China modernizes payments networks

High-speed fiber-optic networks will anchor China’s sophisticated payment systems.

China has rapidly evolved into an economic powerhouse, but its banking, check payments and credit- and debit-card systems haven't kept pace in the vast country where much is rural, people traditionally didn't travel much, and payment-processing remains surprisingly local within provinces.

But that's changing, according to consultancy The Tower Group, which says the People's Republic of China is now putting in place a modern, sophisticated payment system based on high-speed fiber-optic networks expected to benefit China's consumers and businesses.

The Chinese government already has rolled out what's called the Chinese National Advanced Payment System (CNAPS) over the past few years for high-value interbank transactions in China's renminbi currency, as well as a separate network for lower-value renminbi transactions that works much like automated clearinghouse transactions (ACH) in the United States.

The latest modernization effort is a check-image exchange system introduced just this year, according to Tower Group Analyst Colin Kerr, author of the report, "Year of the Pig: Chinese Interbank payment Systems." (2007 is the Year of the Pig in traditional Chinese astrology, and it's a belief that people born now tend toward being "honest, straightforward and patient.")

China's national check-image exchange system, which went live in June in six cities and provinces, allows checks to be exchanged electronically among banks and electronic acknowledgments delivered for check settlement using the national electronic payment networks developed under CNAPS.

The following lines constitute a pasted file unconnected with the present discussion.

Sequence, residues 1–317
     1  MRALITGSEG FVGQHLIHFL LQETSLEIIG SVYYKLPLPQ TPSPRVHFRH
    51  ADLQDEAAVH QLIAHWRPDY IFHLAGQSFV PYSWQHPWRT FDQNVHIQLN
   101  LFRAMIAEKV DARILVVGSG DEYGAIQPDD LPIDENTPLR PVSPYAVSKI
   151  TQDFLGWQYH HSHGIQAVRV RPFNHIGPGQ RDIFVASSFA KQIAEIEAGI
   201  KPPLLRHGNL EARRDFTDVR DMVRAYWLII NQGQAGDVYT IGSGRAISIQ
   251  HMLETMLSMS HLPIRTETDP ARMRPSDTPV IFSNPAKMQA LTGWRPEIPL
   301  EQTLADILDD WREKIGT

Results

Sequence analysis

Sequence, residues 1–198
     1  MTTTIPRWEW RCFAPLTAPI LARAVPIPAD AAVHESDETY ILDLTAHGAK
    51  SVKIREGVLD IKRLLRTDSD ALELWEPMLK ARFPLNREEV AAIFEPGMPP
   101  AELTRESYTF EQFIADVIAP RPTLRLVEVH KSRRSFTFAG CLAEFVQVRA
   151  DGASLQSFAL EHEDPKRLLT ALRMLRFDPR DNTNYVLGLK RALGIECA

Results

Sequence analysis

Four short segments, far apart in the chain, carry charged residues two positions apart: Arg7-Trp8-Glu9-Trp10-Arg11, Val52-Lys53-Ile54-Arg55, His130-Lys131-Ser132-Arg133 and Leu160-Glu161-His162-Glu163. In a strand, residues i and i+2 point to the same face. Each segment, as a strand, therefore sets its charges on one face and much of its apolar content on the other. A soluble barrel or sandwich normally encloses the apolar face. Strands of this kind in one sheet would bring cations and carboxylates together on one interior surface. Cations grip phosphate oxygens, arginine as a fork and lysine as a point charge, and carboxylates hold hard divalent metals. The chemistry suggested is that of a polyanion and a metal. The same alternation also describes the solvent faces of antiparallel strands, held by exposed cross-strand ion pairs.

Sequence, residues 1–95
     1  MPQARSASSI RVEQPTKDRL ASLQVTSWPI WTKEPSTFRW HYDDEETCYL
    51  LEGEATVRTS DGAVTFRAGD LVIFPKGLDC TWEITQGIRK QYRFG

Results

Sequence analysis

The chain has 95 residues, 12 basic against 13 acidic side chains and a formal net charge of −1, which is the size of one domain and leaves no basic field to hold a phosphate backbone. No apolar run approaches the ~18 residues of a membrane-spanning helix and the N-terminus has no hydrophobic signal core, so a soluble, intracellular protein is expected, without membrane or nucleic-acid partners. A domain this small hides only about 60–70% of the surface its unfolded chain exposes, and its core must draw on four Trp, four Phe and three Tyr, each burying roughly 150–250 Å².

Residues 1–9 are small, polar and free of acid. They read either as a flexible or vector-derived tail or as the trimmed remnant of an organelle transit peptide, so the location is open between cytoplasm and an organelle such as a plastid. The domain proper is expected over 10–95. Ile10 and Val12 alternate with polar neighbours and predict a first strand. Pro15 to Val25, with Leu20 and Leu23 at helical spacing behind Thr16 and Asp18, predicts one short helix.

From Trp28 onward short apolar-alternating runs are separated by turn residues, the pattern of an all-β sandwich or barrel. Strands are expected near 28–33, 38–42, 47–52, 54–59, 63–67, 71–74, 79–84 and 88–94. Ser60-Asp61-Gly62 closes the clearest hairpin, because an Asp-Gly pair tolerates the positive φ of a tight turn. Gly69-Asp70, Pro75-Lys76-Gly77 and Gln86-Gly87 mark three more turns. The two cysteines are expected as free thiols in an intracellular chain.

"Traditional paper-check clearing in China has been local, limited to particular cities and used primarily by corporations," says Tower Group in its report. "However, one ambition of the Chinese government is to encourage consumer use of checks as a secure alternative to cash, especially for large-value transactions such as automobile purchase."

The Chinese government also is encouraging growth and international acceptance in debit cards issued by bank sponsors of China UnionPay, an effort begun five years ago to unite China's disparate debit-card networks into a single infrastructure for clearing and settlement. "However, progress on this front has been relatively slow, largely because of incompatible technologies at the regional switches," Tower Group notes.

China remains a "fiscally conservative culture, where debit cards outstrip credit cards by a ratio of 22-to-1," Tower Group points out. According to sources cited by Tower Group, last year there were about 1.1 billion debit cards in circulation but only 50 million credit cards in a nation of 1.32 billion people.

Although more than 30,000 banking institutions are said to exist in China today, the four state-operated banks -- Bank of China; China Construction Bank; the Industrial and Commercial Bank of China; and the Agricultural Bank of China -- are the dominant ones driving the modernization effort. The four banks have the Electronic Interbank Network at their disposal, but connecting banks in distant rural areas remains a challenge.

China has special distinctions, such as having only one time zone for so vast a country, but two currencies, the second being the Hong Kong dollar. Hong Kong was re-united with the People's Republic of China as a "Special Administrative Region" under an agreement with Great Britain and the People's Republic of China in 1997. Hong Kong remains a global banking hub and has a separate clearing system.

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